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The Epistles Of Paul To The Corinthians contain more of admonition and reproof than most of his other Epistles. While The Church Of Corinth was more than ordinarily distinguished in respect of spiritual gifts, it had fallen into corruptions and abuses, from which the other Churches appear to have been, to a great extent, free. There is, accordingly — as might be expected — in these Epistles, more frequent reference to local evils, than in most of the other Epistles of the New Testament. They are not, however, on that account the less adapted for general utility. While the reproofs which they contain were occasioned by the corrupt state of a particular Church, they will be found to involve general principles of the highest importance to the Church of Christ under all circumstances. The Epistles to the Corinthians “have,” says Dr. Guyse, in his Preface to the Second Epistle, “some advantages that are not to be met with in any other part of the word of God, as they may be deemed the seat of divine directions, relating to the spiritual privileges, rights, and powers, worship and discipline of the Churches of Christ; to the purity of doctrines, manners, and celebrations of Gospel ordinances; and to the unity, peace, and order, mutual watch and care, and religious respect to faithful pastors, that ought to be preserved among them.”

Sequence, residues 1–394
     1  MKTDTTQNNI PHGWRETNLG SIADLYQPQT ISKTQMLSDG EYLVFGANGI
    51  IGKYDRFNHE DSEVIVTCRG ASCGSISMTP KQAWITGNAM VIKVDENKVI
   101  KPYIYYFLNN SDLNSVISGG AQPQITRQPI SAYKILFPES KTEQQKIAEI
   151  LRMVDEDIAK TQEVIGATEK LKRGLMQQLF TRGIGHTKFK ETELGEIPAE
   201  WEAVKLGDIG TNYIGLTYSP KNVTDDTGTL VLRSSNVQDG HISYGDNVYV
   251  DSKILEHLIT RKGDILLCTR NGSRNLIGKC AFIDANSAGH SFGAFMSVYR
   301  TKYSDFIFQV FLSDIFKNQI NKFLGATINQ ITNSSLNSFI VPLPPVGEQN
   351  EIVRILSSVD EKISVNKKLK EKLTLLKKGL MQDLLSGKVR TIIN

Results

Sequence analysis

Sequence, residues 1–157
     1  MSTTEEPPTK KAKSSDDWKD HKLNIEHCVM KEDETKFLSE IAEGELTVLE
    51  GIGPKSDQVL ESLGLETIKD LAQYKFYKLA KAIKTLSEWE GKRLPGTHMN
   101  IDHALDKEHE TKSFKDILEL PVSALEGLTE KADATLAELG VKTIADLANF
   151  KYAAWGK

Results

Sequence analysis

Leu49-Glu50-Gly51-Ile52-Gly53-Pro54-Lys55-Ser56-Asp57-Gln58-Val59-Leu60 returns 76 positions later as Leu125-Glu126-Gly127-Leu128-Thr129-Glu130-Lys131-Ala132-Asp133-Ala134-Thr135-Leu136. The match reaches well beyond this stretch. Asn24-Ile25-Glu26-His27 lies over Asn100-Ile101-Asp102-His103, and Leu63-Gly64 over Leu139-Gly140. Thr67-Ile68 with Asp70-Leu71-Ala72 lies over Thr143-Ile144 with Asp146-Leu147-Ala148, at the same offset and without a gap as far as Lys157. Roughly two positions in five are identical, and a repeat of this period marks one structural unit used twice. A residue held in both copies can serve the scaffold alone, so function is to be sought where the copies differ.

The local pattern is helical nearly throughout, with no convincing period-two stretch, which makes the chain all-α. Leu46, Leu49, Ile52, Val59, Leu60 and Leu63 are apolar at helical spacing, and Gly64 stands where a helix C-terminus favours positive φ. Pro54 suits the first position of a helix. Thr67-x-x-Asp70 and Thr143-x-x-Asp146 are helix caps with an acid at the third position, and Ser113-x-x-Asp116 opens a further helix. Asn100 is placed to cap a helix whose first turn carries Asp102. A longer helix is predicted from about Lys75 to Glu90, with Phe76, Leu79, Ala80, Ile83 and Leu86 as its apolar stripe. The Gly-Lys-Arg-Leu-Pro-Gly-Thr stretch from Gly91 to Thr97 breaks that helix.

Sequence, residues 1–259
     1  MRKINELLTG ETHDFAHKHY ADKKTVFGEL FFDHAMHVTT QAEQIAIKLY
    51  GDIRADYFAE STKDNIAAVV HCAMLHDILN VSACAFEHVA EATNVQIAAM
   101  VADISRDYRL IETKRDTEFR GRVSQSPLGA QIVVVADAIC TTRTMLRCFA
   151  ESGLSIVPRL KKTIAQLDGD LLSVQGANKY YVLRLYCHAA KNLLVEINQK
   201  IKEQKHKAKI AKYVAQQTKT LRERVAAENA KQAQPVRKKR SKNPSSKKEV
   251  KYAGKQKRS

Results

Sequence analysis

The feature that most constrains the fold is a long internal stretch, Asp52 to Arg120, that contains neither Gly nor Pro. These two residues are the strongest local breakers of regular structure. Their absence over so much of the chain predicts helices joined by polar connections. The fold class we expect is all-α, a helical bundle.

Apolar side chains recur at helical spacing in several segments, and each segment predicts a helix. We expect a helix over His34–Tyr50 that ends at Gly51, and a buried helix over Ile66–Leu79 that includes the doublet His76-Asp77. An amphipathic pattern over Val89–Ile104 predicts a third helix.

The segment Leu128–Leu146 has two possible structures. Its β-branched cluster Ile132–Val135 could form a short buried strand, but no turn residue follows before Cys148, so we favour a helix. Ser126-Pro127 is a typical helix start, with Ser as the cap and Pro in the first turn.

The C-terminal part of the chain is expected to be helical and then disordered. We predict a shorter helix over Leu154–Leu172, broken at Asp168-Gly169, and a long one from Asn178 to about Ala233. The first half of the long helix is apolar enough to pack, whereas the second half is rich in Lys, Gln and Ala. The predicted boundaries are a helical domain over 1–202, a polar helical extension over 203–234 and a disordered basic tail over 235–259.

As, in the perusal of the four Gospels, the attentive reader can scarcely fail to observe, that many of the instructive sayings of our blessed Lord, which are placed on record by the Evangelists, arose naturally out of occurrences of an accidental nature, — though taking place under the watchful superintendence of him
without whom not even a sparrow falleth on the ground,
— so we find a large portion of the invaluable directions furnished in the Epistles of the New Testament for the regulation of the Church in every subsequent age, presented incidentally — as if suggested to the mind of the sacred writer by corruptions of doctrine and practice, into which some particular Church in the primitive age had been left to fall. While the unhappily corrupt state of the Church of Corinth, as indicated in the two Epistles addressed to it, tended to mar, in no inconsiderable degree, the prosperity of the cause of Christ in that city, and was an occasion of poignant grief to the mind of Paul, who felt the more solicitous for their welfare from his sustaining to them the relationship — not simply of an instructor, but of a father, (1 Corinthians 4:15,) the flagrant abuses which had crept in among them were, in the providence of God, overruled for good to the Church of Christ generally, by giving occasion for a fuller development than might otherwise have been necessary, of some of the most important principles of practical Christianity.
The Epistles to the Church of Corinth are a portion of Paul’s writings, which, as is justly observed by Dr. Alexander, in his Preface to Billroth on the Corinthians, “occupies a very important place in the sacred canon. Besides containing some loca classica upon several of the most essential positions in doctrinal theology, such, for instance, as the deity of Christ, the personality and agency of the Holy Spirit, the resurrection of the body, etc., the two Epistles to the Corinthians may be regarded as constituting the great code of practical ethics for the Christian Church. In this respect they stand to the science of practical theology in a relation analogous to that occupied by the Epistles to the Romans, the Galatians, and the Hebrews, to the science of systematic divinity; they contain the fullest development of those principles on which that science must rest, and the practices which its rules are to authorize or inculcate.” 185185 Biblical Cabinet, volume 21.